Liquid crystals are one class of compounds that have potential applications in many devices. The development and application of polymer-dispersed liquid crystals has become an area of great interest in liquid crystal research. A number of composites have been developed [1-5], to produce novel liquid crystal phase behavior and properties. Dielectric properties of polymer- liquid crystal composites are of immense practical importance, as they have a strong bearing on electro-optic performance characteristics. The invention of polymer not only increases the inherent mechanical strength of the material , but also changes the phase behavior, along with its electro-optic properties. Conversely, the directional ordering present in the liquid crystals may influence the polymerization behavior, and thereby change the polymer morphology. It has been shown [7,8] that the composites can be regarded as a heterogeneous system, comprised of small liquid crystal droplets embedded in an isotropic matrix. Dielectric properties of such a composite are entirely different from those of the initial materials, such as pure polymer and pure liquid crystal . A dispersion in dielectric permittivity at a lower frequency range (~ 1 kHz) for such a heterogeneous system is due to space charge built up at the liquid crystal-polymer interface . At higher frequencies, beyond the space charge relaxation frequencies, the contribution towards the permittivity is minimum.
Temperature plays a dominant role in the electro-optic performance of liquid crystal polymer composites . Few studies have been carried out on how the dielectric properties of the composites are modified with increase in temperature.
Many investigators used the optical transmittance method to measure the transition temperature, since the optical transmittance is probably one of the most accurate and precise methods to obtain the information about the transition temperature [11,12]. Our group has also reported the effect of polymer on the dielectric and optical properties of smectic A liquid crystals . Studies on pure and dye doped nematic liquid crystal E-24, have already been published [14,15].
In the present paper, we report the dielectric parameters, anisotropy, optical transmittance and density of the polymer-liquid crystal composite. The optical transmittance measurement has also been carried out for liquid crystal-polymer composite, and for pure liquid crystal.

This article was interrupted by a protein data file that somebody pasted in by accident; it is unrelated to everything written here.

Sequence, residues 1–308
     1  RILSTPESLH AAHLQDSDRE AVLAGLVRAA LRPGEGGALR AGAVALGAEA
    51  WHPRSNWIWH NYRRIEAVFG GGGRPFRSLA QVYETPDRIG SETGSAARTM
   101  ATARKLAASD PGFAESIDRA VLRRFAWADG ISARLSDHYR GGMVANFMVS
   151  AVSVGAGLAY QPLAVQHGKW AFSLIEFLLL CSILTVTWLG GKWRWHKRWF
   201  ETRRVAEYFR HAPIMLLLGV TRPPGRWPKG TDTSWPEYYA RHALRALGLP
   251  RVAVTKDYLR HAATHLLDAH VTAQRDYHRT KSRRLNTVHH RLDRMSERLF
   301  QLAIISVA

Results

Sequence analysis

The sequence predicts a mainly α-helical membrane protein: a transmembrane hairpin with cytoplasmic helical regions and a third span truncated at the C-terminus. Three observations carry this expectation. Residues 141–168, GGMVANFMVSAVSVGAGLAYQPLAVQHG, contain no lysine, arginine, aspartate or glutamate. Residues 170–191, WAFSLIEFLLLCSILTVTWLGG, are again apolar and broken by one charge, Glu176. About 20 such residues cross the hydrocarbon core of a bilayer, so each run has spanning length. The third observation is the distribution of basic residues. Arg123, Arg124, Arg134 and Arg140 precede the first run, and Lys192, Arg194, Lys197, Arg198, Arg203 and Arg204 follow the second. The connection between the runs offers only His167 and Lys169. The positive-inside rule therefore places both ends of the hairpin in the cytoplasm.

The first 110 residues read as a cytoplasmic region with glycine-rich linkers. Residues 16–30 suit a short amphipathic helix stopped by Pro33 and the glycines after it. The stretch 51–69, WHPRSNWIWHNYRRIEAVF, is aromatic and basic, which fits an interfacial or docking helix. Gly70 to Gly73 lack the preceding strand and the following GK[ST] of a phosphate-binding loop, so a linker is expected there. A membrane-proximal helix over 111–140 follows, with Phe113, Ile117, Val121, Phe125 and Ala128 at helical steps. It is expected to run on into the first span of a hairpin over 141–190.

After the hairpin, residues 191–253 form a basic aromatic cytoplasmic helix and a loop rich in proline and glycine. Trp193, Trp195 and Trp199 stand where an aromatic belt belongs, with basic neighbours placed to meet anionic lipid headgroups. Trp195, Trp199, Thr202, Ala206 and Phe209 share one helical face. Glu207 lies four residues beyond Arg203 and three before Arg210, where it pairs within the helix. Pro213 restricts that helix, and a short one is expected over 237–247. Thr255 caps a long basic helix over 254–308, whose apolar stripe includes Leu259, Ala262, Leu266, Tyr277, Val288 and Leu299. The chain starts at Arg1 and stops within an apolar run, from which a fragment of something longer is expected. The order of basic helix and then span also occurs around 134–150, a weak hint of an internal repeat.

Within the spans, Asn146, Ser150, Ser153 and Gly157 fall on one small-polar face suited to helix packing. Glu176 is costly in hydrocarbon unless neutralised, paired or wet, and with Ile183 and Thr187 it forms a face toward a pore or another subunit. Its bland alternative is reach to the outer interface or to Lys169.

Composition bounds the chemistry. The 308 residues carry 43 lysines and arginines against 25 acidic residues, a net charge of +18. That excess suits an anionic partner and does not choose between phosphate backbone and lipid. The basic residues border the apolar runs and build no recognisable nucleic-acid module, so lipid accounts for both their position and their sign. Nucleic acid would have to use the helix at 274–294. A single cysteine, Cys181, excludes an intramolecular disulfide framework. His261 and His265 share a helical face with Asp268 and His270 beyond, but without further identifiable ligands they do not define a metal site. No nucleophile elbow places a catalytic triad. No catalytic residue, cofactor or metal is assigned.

The sample used for the present investigation was the nematic mixture E-24, supplied by BDH England (BDH Catalogue, 1978, BDH chemicals, pp. 19-28). The transition scheme of the sample is as follows:
E-24 was selected, due to its nematic range at room temperature. The polymer used in the present study is Poly Butyl Methacrylate (PBMA). The molecular weight of the polymer is 337,000. Its structure is given in Fig. 1. The method of preparation of doped sample has also been published in our earlier papers [13,16].
Values of the capacitance and dissipation factor of the sample holder with, and without sample, were determined by impedance/ gain phase analyzer of Hewlett-Packard (HP 4194A). The real part of the permittivity of the sample is obtained from the change in the capacitance value of the sample holder, due to the presence of sample, using the following equation:
where, ΔC, the change in the capacitance of sample holder due to the presence of sample, is
where, CP is the capacitance with sample, and C0 is the capacitance without sample. CG is the geometrical capacitance of the sample holder.
The loss tangent and dissipation factor (D) of the sample were derived from the dissipation factor and capacitance, measured for the sample holder with, and without sample, and is given by:
where, DP is the dissipation with sample, and Do is the dissipation without sample.
The loss factor is given by the following equation
Capacitance values were read up to three significant figures, and the values of the dissipation factor were recorded up to four significant figures in the present study.